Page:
Few Americans ever make it to Colombo, the main port of Sri Lanka and the hottest place I’ve ever been in my life. Within ten minutes of setting foot on dry land I felt as if I was going to literally melt and disappear between the cracks in the sidewalks.
But the coastal heat serves to make escape from it that much more liberating. Once you head up into the hills, the air turns deliciously cool and you find yourself in a sea of luminescent green, surrounded by resplendent tea plants stretching to the edges of the horizon.
The local bus, on which I had bought a ticket for one dollar (only to discover later that I’d overpaid by 500%), lumbered slowly up the mountainous roads, passed by everything with an engine while barely passing pedestrians and donkey carts itself. After an hour and a half, we pulled over and everyone started filing out.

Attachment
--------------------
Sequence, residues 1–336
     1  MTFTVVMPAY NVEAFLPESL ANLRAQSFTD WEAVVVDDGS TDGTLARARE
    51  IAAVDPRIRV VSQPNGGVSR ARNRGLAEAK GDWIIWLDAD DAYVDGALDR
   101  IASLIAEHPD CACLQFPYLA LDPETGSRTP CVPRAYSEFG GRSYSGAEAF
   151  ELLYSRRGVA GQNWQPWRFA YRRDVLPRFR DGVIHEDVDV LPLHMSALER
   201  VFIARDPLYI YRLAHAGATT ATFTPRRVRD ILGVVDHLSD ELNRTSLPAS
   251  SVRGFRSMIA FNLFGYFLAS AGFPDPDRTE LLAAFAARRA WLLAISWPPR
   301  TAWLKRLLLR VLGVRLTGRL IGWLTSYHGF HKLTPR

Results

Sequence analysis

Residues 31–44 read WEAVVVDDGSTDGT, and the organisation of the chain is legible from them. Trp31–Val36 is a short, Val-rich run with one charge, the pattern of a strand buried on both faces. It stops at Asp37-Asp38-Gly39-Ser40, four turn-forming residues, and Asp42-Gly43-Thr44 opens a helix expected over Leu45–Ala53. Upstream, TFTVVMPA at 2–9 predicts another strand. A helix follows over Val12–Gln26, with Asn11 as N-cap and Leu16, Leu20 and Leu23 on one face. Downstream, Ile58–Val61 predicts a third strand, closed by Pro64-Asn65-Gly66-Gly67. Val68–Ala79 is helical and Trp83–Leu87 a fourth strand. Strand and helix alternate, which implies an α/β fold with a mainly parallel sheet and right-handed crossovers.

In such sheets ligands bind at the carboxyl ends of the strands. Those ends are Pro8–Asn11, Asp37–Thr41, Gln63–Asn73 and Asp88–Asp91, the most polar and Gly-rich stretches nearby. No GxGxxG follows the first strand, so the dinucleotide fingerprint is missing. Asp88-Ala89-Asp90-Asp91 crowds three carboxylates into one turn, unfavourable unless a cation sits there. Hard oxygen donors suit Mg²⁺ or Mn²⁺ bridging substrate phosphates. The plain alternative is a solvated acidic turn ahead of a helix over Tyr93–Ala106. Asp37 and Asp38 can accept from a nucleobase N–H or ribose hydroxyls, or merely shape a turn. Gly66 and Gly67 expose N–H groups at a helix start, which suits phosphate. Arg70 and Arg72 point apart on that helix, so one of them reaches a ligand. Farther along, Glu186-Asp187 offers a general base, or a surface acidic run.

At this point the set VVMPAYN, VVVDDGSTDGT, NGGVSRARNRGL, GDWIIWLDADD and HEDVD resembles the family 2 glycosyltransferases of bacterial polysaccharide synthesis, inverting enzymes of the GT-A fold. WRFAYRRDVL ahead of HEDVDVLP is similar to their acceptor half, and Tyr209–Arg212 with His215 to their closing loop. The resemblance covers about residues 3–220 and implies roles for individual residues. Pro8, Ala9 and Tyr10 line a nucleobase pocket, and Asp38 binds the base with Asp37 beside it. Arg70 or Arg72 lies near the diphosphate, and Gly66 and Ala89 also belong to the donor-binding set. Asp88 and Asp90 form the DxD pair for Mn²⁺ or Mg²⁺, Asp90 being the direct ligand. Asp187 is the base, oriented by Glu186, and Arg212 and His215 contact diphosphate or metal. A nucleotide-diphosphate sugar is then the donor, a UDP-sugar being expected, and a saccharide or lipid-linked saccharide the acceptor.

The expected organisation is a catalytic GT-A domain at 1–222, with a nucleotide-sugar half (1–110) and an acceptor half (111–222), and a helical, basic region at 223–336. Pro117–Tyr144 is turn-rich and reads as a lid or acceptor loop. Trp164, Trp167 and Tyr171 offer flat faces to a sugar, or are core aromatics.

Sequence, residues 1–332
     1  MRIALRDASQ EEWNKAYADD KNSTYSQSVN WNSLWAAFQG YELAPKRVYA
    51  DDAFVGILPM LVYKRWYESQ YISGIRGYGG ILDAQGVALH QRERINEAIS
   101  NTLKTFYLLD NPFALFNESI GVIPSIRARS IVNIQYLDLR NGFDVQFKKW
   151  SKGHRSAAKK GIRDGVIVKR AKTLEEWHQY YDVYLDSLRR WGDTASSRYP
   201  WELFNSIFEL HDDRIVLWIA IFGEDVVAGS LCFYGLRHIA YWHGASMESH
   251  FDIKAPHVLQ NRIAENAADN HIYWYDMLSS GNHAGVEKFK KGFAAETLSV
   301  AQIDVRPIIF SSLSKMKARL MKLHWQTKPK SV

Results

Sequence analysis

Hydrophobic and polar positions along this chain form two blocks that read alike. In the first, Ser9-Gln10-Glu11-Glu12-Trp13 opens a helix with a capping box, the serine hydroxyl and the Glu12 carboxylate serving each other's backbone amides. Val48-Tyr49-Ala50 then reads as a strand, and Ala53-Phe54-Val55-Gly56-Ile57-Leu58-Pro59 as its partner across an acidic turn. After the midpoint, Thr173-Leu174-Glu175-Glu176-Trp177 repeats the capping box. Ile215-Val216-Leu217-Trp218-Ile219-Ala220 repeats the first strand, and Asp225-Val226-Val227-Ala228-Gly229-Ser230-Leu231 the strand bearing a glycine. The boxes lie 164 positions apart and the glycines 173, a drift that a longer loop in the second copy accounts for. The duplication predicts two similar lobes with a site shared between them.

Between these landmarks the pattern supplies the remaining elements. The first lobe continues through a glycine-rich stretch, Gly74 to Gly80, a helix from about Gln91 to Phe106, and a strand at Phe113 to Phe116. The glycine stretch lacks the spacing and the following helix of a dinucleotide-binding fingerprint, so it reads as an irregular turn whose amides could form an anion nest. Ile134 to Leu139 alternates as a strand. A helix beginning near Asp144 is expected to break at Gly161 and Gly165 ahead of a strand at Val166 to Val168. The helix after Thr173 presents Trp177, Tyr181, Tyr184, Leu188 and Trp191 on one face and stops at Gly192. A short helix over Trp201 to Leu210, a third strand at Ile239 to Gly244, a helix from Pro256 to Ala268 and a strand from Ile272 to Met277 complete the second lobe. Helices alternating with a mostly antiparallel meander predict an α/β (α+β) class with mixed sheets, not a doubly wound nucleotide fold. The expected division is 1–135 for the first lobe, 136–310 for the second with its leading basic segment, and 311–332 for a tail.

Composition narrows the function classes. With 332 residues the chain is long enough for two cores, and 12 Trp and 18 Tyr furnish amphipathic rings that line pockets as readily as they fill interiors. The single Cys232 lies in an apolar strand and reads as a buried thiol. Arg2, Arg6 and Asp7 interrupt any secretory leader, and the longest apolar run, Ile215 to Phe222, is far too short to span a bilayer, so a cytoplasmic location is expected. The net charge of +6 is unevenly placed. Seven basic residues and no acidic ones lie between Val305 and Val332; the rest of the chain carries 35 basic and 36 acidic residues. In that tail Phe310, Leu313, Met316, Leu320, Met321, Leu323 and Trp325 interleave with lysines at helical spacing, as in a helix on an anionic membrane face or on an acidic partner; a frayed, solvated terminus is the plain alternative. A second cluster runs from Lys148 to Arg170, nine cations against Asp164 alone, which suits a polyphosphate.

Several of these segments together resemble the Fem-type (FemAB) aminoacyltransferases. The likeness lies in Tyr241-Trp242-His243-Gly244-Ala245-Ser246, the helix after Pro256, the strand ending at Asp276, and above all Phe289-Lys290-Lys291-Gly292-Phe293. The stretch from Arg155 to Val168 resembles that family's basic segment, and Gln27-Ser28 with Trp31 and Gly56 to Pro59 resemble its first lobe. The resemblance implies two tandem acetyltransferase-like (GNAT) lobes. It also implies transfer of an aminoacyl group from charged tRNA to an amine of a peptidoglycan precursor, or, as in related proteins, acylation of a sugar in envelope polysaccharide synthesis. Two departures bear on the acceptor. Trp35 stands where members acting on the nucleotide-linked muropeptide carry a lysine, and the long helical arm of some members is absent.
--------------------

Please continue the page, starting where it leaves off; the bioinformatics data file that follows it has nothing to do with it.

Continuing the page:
“Are we there?” I asked another passenger.
“No,” he replied. “We are stopping for tea.”
15 minutes later, the passengers slowly began wandering back. No one was in a hurry. We sat calmly on the bus a while longer before it started plugging back up into the hills.
Click here to read the whole essay from this month’s The Wagon Magazine.